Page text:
Shooting at French satirical magazine kills 12, injures 5

Police and firefighters stand outside Charlie Hebdo offices in Paris, France, on January 7, 2015.

At least twelve people have been killed and five others critically injured when several masked men armed with automatic weapons stormed the offices of French satirical newspaper Charlie Hebdo in the heart of the French capital, Paris.

Rocco Contento, a Paris police spokesman, confirmed that three attackers entered the magazine’s offices at around 11:30 a.m. local time (1030 GMT), carrying pump-action shotguns and Kalashnikovs.

“They opened fire on everyone, it was butchery, a real slaughter,” Conteno said.

“Some of the people there took refuge up on the roof. The attackers then emerged, and there was a shootout with police. One policeman has been seriously wounded, he may die. Two others are also wounded. The attackers then fled in the direction of the Porte de Pantin [on the outskirts of Paris],” He added.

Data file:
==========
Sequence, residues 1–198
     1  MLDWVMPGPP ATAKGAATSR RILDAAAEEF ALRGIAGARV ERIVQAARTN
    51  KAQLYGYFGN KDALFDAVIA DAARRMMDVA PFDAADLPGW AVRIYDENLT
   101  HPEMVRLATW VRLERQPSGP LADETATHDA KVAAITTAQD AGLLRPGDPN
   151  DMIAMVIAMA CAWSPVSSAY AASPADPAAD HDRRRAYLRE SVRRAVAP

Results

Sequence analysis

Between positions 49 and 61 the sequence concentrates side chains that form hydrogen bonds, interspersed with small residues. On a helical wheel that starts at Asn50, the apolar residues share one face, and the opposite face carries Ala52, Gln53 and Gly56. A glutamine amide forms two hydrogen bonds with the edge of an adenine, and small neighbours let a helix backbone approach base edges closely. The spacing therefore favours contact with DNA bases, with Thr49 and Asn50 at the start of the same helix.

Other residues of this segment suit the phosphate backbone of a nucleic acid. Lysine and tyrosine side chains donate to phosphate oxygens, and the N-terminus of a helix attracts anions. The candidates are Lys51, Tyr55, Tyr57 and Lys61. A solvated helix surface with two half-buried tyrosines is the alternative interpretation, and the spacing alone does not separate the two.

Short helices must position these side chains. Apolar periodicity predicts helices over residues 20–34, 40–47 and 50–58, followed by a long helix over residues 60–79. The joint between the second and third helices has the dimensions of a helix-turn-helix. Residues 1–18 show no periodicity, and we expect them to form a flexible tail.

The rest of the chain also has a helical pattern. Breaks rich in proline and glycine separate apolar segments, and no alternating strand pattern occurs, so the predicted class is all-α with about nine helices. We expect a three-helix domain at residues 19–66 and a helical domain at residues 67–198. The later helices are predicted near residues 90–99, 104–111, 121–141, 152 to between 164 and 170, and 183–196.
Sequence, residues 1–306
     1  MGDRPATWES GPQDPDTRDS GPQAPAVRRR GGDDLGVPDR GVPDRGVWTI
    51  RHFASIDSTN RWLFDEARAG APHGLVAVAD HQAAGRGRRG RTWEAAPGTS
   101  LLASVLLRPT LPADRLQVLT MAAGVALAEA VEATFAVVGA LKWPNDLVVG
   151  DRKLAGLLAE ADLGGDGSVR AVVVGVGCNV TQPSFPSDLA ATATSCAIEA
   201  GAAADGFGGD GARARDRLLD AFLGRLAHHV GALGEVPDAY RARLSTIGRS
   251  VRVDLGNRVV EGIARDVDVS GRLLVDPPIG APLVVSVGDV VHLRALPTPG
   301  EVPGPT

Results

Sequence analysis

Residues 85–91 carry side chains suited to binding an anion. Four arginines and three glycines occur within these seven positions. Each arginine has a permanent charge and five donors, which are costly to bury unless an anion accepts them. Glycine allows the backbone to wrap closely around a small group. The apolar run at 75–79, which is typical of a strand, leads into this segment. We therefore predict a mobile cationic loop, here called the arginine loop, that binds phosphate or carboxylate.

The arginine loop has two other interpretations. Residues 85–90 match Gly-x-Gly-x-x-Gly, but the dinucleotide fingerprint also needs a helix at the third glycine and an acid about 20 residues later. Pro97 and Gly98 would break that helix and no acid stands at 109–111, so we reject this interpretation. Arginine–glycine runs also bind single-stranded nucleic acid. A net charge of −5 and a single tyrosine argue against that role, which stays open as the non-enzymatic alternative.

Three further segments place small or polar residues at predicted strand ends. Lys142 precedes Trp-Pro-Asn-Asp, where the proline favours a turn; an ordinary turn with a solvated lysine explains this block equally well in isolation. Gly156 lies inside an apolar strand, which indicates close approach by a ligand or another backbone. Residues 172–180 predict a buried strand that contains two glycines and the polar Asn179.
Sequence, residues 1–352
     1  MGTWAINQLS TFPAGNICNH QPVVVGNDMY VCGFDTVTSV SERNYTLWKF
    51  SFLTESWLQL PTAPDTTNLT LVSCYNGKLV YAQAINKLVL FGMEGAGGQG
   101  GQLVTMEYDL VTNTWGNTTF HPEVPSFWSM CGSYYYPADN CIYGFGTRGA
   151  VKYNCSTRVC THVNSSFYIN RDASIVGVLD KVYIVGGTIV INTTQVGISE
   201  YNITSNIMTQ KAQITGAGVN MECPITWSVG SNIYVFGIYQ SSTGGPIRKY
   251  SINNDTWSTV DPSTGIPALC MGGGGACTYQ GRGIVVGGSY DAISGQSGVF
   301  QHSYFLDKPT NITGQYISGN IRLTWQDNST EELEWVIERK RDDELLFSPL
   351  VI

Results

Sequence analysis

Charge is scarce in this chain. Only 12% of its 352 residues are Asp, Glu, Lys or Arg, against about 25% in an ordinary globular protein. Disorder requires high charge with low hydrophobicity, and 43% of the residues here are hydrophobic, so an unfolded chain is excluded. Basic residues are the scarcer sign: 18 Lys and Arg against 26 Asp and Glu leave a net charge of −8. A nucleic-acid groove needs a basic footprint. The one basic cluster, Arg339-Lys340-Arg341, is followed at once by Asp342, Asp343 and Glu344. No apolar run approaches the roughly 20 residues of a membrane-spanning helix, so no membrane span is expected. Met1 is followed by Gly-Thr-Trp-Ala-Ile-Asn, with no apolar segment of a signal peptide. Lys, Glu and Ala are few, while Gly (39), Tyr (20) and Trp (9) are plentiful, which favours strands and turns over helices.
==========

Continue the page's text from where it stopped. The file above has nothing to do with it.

Luc Poignant, an official of the SBP police union, said the attackers escaped in two vehicles.

French President Francois Hollande later headed to the scene. He said security level had been increased in Paris and a number of terrorist plots had been foiled in recent weeks.

Hollande said France had experienced “an exceptional act of barbarism committed against a newspaper.”

France was facing a “shock,” he added. “We need to show we are a united country,” he said.

“France has to be firm and strong. We will fight these threats and we will punish the attackers,” the French president pointed out.

An emergency meeting with top government officials in attendance will be held at the Elysees Palace within the next hour.

Charlie Hebdo has a long record of taking its satire seriously. The weekly magazine’s offices were firebombed in 2011 after the publication of insulting cartoons of the Prophet Mohammed.

By Press TV

 

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